JT, Woody Now Have Something Else In Common

Jim Tressel isn't the first Ohio State football coach ever to face sanctions. Some 55 years ago, the Big Ten levied a one-year probation on Woody Hayes and his football program.

Jim Tressel certainly isn't the first football coach in NCAA history to feel the wrath of sanctions.

He's not even the first one at Ohio State.

It would probably surprise many in the Buckeye Nation to know that Woody Hayes and his program were hit with a one-year probation by the Big Ten back in 1956. The reason? Several members of the football team were being paid for jobs despite the fact they were not showing up to work while others were receiving money directly from the coach himself.

That's right. Woody Hayes was paying his own players.

Of course, things were a little different 55 years ago. The NCAA had been around in one form or another since 1906, but the governing body for collegiate athletics hadn't moved into its so-called modern era until 1952. Even then, the NCAA was not the myopic behemoth it is today as individual conferences held much more sway over their member institutions. In fact, until July 1952 when the NCAA moved its headquarters to Kansas City, it shared office space in a Chicago hotel with the Big Ten.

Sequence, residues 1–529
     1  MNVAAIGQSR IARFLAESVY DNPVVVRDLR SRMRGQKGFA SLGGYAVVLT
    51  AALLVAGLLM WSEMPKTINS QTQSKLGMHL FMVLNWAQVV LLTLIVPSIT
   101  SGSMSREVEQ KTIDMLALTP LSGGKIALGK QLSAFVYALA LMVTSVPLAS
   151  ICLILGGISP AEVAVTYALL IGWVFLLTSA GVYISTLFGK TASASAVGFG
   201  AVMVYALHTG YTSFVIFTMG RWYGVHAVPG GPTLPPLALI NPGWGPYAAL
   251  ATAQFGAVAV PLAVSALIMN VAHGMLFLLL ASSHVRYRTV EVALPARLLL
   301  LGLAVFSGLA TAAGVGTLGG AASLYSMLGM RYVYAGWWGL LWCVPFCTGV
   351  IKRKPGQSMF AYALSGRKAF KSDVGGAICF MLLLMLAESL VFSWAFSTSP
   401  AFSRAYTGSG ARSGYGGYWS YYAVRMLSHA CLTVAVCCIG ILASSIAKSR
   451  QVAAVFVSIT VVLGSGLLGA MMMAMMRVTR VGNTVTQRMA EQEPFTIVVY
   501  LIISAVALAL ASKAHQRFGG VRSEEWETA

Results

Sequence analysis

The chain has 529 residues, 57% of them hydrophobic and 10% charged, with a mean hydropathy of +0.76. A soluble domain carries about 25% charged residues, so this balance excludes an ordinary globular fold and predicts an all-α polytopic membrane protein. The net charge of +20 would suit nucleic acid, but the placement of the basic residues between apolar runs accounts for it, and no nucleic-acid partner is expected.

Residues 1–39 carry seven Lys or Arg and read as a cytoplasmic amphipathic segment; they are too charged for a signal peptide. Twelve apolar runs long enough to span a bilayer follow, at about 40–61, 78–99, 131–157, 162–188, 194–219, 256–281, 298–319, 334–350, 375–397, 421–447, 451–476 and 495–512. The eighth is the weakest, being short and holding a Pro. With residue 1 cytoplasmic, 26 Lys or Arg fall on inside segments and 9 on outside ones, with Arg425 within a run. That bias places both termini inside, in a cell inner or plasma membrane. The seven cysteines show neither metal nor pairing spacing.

In April 1956, Big Ten commissioner Kenneth L. "Tug" Wilson announced Ohio State and Hayes would be placed on probation for one year and made the Buckeyes ineligible to represent the conference in the 1957 Rose Bowl.

Read the rest by clicking on this link: Rea's Day Blog: March 22.


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